People often use the expression "A Blast from the Past" when hearing from someone they have not seen or heard from for a long time. I experienced a different and very impressive "Blast from the past" when my husband John and I visited the Meteor Crater site about a half hour's drive east of Flagstaff on I-40. This blast happened, scientists think, about 500,000 years ago. A meteor hit the earth on this site and created a mile big crater, blowing itself into smithereens in the process. There are pieces of it in a few museums, including in Chicago and New York's natural history museums. Apparently, meteors have slammed into the earth regularly for millennia, but most don't get noticed because they plunge into the ocean. Some, of course, cause spectacular destruction wherever they land on earth. And more are coming our way. There is actually an organization dedicated to figuring out how to protect humanity for the possible catastrophe of a meteor hit on land in the future. Now I confess that on my list of stuff to worry about, especially natural disasters, this particular kind has never made it anywhere near the top. It just wasn't on my radar. And I don't think that it will ascend to a very much higher status on my "dangers to be concerned about" list. After we saw the short film that portrayed how scientists and others are planning to try and protect the earth (though cost was never mentioned!) I asked myself, "How much energy and time are we going to put into trying to protect ourselves from this sort of thing? Are there not immediate, already-with-us disasters in the making we should be putting more resources and thought into averting? Like nuclear accidents or war? Catastrophic climate changes because of our life-style? epidemics? monster hurricanes and floods? You get the picture and I am sure you could mention other causes for concern. But all this raises yet another question: How much of our energy, imagination, resources, and intelligence is it wise to invest in possible disasters? That goes for us as individuals too. How much can we realistically avoid or prevent of all the dire things that might happen? Yes, life is fragile and uncertain. Which makes it all the more precious and worth savoring. I certainly would rather focus on creating, on making the most of my life while I can, on serving others, on enjoying this gorgeous world. I don't want to live under the dark shadow of fear. In spite of all the threats to my/our/the world's well being which lurk out there, I choose to believe that, as Shakespeare said, "There is a Providence that shapes our ends, rough hew them as we will." And, as Lady Julian the famous mystic famously said, "All will be well and all manner of things will be well." Some days, that is not an easy thing to believe, but I get to choose and so I do! One day at a time.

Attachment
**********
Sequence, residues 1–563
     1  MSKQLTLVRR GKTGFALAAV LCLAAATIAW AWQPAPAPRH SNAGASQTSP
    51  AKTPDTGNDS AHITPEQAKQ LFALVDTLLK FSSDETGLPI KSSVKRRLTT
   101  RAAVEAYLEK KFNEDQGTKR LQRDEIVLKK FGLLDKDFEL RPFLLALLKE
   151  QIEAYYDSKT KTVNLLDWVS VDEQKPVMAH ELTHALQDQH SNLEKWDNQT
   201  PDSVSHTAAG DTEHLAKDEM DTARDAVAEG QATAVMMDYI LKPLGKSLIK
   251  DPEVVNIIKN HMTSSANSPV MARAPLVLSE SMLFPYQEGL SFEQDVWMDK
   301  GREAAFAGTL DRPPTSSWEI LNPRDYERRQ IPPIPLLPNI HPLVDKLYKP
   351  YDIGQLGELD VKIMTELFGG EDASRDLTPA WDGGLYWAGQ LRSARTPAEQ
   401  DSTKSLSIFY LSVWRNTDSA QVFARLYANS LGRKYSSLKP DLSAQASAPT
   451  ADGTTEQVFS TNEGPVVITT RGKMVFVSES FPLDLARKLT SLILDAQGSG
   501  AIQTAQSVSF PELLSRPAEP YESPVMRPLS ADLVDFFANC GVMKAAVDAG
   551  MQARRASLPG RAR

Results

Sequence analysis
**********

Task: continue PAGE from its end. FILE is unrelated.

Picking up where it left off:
I have now lived on this earth, this stunningly beautiful and challenging planet, for 72 years. I arrived here as World War II was getting underway, and right in the thick of it too. My parents were on their way from the USA to serve as medical missionaries in India. They took the last civilian ship allowed across the Pacific, because of the spread of the war. My mother was great with child. That would be me. The ship sailed from San Francisco and docked in Rangoon. My mother went into labor two weeks prematurely, and they had to race her up the river that ran from the harbor into the city in a sampan. She gave birth to me at Dufferin Hospital. A few days later, all ex-patriates were warned to flee the city, because of an imminent Japanese attack. My parents managed to secure passage on a boat sailing across the Bay of Bengal to Calcutta. There was a big storm but they had to leave. My mother gets motion sickness easily. Can you imagine how tough it was for her to make this passage under such duress with a new premature baby in arms? The made it to Calcutta and from there took trains( with me in a little basket: I still have a picture of myself in it) all the way across India to Karachi in what is now Pakistan. Shortly after arriving there, they were notified by telegram that my mother's father, in his mid-fifties, had been killed in a car crash. Shortly after that, Pearl Harbor happened, and they were notified that my mother's brother had enlisted in the Navy as the USA joined the war. During the first two years of my life, my mother almost died of hepatitis. My father also got very sick. And before I was five I almost died of rheumatic fever.